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SaaS Homepage SEO: Keywords, Linking & More

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SaaS Homepage SEO: Keywords, Linking & More

Start-up SaaS websites typically consist of the home page and maybe a handful of supporting pages – neither of which offer any SEO value.

A good SaaS homepage will drive conversions and improve your business on the whole. But how do you optimize yours?

In this article, you will learn about SaaS homepage SEO challenges, the role your homepage plays in SEO, and different keywords to consider when optimizing a SaaS homepage.

Why Is Homepage SEO So Challenging For SaaS Brands, Specifically?

Let’s face it, homepage SEO is confusing for almost everyone.

Whether it is a SaaS company, a local company, or another business type, you’ll find many in each vertical who struggle to make good use of this real estate from an SEO perspective.

At the same time, the homepage is also the one asset almost every business cares about the most.

It’s often the primary landing page, regardless of the traffic source. Because of that, it’s also that one asset that most often:

  • Welcomes visitors.
  • Makes a first impression about the brand.
  • Describes what the company does (or at least hint at it and suggest where else someone could learn more about it).
  • Explains what value the company provides and what sets the company and its products apart in the market.
  • Points visitors to where they can find the information they’re looking for (both through the navigation and any internal links you place there).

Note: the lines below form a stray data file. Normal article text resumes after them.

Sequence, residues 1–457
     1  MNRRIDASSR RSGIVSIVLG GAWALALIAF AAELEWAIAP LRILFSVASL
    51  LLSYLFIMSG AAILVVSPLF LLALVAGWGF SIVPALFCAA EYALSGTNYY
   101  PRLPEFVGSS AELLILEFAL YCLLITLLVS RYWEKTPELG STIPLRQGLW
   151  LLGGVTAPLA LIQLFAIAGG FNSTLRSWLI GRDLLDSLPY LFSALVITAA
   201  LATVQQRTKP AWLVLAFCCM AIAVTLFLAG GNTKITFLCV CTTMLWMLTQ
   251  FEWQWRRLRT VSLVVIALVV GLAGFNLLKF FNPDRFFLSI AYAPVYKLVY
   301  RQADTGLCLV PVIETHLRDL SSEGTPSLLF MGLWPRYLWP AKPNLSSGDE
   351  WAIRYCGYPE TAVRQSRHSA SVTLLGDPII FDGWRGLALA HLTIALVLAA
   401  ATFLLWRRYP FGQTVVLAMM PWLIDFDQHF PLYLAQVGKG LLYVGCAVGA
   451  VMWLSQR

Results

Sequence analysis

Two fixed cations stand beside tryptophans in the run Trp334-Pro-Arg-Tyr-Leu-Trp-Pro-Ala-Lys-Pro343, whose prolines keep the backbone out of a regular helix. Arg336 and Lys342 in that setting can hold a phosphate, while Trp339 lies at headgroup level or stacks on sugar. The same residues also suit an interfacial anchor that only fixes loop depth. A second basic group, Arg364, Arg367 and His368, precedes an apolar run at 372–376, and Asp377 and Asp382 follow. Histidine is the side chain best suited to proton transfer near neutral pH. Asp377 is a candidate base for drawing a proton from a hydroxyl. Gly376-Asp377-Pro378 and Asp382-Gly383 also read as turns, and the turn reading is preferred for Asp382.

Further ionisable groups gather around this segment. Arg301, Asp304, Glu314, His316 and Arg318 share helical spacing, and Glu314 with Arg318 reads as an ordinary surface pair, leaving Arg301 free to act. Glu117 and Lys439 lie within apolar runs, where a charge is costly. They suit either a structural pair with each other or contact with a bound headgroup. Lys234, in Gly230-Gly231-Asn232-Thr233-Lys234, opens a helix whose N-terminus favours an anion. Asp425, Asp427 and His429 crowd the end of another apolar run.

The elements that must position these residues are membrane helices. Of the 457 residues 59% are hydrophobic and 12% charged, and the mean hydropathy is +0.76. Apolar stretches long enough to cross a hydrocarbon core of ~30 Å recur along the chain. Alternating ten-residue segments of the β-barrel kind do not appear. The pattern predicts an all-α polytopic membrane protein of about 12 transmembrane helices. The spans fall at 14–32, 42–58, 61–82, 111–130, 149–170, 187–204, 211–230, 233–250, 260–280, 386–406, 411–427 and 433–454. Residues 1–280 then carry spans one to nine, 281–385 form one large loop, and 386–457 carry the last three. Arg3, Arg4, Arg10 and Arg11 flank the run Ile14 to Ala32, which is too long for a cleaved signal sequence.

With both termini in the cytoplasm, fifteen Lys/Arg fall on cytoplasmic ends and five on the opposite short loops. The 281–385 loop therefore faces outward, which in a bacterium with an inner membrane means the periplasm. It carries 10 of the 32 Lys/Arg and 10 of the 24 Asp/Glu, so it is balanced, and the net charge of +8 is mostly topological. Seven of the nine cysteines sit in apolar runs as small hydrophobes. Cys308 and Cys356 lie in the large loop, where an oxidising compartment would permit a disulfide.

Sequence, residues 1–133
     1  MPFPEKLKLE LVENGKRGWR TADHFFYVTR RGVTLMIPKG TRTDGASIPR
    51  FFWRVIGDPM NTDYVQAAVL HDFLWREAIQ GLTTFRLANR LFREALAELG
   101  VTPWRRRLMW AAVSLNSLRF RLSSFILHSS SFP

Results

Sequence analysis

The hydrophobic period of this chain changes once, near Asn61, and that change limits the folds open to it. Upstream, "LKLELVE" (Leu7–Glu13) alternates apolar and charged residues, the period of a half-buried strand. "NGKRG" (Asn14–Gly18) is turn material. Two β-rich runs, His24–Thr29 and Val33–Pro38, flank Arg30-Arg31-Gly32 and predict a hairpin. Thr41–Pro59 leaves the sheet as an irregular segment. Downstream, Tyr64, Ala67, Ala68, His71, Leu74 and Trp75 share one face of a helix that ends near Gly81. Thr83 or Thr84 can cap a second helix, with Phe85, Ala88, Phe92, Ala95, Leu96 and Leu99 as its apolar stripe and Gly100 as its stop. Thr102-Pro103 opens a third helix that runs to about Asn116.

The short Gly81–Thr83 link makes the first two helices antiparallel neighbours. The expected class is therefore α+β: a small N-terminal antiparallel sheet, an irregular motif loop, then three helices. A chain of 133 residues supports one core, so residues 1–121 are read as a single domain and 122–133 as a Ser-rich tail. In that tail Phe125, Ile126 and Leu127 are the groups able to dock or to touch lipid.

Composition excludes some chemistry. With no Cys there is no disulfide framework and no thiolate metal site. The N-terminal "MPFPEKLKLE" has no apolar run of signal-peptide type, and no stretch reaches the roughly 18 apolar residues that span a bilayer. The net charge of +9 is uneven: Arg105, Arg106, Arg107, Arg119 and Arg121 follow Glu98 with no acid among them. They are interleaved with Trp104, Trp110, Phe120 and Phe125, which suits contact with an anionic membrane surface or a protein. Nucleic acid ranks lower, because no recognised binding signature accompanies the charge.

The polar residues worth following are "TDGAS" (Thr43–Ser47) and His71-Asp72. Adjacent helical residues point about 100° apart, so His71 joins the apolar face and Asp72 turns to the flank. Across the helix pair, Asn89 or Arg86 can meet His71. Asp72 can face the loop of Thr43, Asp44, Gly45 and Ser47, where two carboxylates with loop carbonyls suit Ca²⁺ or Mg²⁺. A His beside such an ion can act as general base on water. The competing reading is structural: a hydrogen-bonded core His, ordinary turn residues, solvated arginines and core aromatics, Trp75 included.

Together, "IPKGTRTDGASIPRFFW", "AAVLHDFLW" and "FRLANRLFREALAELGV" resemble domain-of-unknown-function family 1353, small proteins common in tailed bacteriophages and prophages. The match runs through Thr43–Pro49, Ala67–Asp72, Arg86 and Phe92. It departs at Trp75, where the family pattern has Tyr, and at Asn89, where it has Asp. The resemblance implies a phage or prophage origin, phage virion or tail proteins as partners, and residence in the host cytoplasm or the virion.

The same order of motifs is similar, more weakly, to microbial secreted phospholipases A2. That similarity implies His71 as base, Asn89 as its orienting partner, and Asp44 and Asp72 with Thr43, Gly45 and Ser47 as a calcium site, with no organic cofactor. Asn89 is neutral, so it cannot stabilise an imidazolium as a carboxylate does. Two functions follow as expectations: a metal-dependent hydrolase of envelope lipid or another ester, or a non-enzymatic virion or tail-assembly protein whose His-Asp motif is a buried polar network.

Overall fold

As Yoast explained the typical approach to homepage SEO:

“One purpose that I feel a homepage doesn’t have, and that is ranking for keywords other than your business name or brand.”

That’s true for most brands. But I’d argue that the SaaS market (and what goes with it, SaaS marketing) is different from other industries.

What’s Different About SaaS?

Many early-stage brands don’t have any other commercial assets (or even the ability to create more, at that).

For many SaaS companies, the homepage plays a commercial role and might be their only commercial page.

Example:

 Screenshot by author, April 2021An example of a SaaS website where internal pages carry little commercial value.

Then, there’s the issue of brand recognition.

Everyone’s heard of Asana. Drift. HubSpot.

Those companies can use fancy taglines in their meta title tag and get away with it. They know that people are looking for their brand anyway.

As for other keywords, those companies have thousands of pages to target those phrases.

(Having said that, Hubspot still optimizes its homepage for product categories.)

But, when you’re a relatively new SaaS company trying to carve a space for yourself in the industry – when you’re trying to beat more established competitors and focused on kick-starting growth –  counting on someone searching Google your name and getting to the homepage (remember, the only page on the site) isn’t going to get you far.

So, what are your options?

The Role Of A Homepage In SaaS SEO Strategy

The importance of your homepage goes far beyond the fact that you have no other pages to optimize (yet).

The clearer you are in explaining what your product does, what category it falls into, and what value users get from it, the easier it will be for the search engine to establish how to rank you in the search results.

When you’re just getting started in SaaS, the homepage will attract most if not all organic links.

Whatever mentions, media references or other PR your product acquires will likely link to your homepage.

Your initial link-building strategies – guest posting, digital PR, podcast appearances, or submitting the site to SaaS directories – will more than likely also target the homepage.